retaliation justified if it can prevent future innocents from being killed?
All violence is injustice. The fire of hatred and violence cannot be extinguished by
adding more hatred and violence to the fire. The only antidote to violence is compassion.
And what is compassion made of? It is made of understanding. When there is no
understanding, how can we feel compassion, how can we begin to relieve the great suffering
that is there? So understanding is the very real foundation upon which we build our
How do we gain the understanding and
insight to guide us through such incredibly challenging moments that we are now face in
America? To understand, we must find paths of communication so that we can listen to those
who desperately are calling out for our understanding--because such an act of violence is
a desperate call for attention and for help.
How can we listen in a calm and clear way
so that we dont immediately kill the chance for understanding to develop? As a
nation we need to look into this: how to create the situations for deep listening to occur
so that our response to the situation may arise out of our calm and clear mind. Clarity is
a great offering that we can make at this time.
There are people who want one thing only:
revenge. In the Buddhist scriptures, the Buddha said that by using hatred to answer
hatred, there will only be an escalation of hatred. But if we use compassion to embrace
those who have harmed us, it will greatly diffuse the bomb in our hearts and in theirs. So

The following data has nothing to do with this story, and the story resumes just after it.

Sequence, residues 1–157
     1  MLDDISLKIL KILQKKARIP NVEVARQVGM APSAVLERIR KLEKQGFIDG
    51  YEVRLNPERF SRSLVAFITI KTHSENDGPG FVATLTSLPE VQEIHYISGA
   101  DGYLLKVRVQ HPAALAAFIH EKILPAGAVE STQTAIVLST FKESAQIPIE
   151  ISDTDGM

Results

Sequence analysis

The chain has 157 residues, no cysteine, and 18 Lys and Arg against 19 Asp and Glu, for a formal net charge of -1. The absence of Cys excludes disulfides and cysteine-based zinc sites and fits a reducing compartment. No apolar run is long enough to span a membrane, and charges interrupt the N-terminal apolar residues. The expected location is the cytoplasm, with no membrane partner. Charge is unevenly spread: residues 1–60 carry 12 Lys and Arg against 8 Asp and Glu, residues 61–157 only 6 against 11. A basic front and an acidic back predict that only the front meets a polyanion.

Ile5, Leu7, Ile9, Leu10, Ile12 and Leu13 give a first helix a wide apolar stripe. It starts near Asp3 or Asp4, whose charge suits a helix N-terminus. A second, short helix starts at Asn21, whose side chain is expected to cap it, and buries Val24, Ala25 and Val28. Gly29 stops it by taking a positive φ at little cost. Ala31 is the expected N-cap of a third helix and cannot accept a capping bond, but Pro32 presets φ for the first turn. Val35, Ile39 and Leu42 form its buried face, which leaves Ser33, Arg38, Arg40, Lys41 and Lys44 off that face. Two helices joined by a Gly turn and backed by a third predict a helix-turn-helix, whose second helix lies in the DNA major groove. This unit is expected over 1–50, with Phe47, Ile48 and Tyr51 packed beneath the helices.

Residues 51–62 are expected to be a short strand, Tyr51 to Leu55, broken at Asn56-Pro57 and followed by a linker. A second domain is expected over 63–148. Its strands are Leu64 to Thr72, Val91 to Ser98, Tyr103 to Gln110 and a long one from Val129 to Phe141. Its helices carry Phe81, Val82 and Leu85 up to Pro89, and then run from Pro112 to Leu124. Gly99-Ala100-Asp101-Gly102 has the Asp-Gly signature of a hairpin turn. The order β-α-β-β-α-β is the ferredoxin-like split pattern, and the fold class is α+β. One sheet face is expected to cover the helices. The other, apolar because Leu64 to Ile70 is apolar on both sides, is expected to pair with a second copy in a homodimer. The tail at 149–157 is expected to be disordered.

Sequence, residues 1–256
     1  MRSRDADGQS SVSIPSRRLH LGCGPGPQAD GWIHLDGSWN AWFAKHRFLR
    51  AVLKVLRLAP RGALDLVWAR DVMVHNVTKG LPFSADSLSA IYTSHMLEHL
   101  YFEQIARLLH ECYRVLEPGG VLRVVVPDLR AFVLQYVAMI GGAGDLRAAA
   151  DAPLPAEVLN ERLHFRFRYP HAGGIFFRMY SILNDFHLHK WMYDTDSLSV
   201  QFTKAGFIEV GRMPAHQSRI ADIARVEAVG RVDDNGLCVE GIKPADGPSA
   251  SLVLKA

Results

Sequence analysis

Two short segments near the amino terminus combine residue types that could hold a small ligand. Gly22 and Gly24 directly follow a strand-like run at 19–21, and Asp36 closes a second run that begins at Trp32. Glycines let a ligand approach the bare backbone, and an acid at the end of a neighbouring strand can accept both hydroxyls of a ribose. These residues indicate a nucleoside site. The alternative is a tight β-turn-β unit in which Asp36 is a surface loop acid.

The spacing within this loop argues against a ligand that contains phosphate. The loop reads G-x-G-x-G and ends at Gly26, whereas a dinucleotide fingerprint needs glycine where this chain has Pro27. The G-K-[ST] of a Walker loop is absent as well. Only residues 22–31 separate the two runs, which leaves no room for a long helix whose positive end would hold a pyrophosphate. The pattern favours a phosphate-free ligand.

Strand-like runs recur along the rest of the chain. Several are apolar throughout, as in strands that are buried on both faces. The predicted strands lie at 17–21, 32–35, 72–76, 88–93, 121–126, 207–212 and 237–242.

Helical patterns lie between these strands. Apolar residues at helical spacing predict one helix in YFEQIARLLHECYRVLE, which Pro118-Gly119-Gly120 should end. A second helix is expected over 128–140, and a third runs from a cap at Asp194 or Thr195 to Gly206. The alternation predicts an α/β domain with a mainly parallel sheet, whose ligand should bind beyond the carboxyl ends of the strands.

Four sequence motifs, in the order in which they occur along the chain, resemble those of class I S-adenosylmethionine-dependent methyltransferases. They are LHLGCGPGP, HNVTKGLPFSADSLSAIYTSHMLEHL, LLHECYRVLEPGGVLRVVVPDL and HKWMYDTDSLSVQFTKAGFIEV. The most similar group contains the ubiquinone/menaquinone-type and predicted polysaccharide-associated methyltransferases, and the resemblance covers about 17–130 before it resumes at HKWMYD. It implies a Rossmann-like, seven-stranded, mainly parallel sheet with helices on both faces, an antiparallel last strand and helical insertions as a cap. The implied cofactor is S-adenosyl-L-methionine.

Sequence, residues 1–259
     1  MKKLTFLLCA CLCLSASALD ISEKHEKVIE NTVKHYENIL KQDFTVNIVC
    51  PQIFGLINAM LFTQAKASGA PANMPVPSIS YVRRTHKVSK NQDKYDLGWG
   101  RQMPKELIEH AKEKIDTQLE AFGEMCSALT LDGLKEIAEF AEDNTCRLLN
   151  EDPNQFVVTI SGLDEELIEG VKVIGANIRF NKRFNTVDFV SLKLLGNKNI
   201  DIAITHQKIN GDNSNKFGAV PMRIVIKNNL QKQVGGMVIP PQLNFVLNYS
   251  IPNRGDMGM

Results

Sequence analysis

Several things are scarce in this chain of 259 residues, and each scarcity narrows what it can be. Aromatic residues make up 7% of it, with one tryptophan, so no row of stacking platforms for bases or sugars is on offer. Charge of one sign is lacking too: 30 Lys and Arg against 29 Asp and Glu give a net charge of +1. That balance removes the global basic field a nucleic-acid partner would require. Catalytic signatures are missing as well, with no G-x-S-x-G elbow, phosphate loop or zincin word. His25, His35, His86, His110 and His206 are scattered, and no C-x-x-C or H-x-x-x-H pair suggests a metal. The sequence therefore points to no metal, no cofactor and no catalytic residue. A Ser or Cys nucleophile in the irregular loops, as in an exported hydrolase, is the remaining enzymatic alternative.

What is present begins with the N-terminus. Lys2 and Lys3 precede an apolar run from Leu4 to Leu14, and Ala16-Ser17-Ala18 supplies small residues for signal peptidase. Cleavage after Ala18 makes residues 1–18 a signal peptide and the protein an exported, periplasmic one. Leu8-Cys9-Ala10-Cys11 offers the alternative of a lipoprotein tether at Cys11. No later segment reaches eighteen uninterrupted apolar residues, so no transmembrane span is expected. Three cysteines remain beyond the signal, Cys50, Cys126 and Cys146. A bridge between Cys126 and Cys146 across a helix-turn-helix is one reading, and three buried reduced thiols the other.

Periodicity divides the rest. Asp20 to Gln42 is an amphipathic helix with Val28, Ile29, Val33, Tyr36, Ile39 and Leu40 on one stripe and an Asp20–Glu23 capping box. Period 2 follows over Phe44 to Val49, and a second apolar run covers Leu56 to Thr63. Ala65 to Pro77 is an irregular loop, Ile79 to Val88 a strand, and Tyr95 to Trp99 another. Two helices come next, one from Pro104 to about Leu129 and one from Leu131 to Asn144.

how can we bring about a drop of compassion that can put out the fire of hatred? You know,
they do not sell compassion in the supermarket. If they sold compassion, we would only
need to bring it home and we could solve the problem of hatred and violence in the world
very easily. But compassion can only be produced in our own heart by our own practice.
America is burning with hatred. That is
why we have to tell our Christian friends, "You are children of Christ." You
have to return to yourselves and look deeply and find out why this violence happened. Why
is there so much hatred? What lies under all this violence? Why do they hate so much that
they would sacrifice their own lives and bring about so much suffering to other people?
Why would these young people, full of vitality and strength, have chosen to lose their
lives, to commit such violence? That is what we have to understand.
We have to find a way to stop violence, of
course. If need be, we have to put the men responsible in prison. But the important thing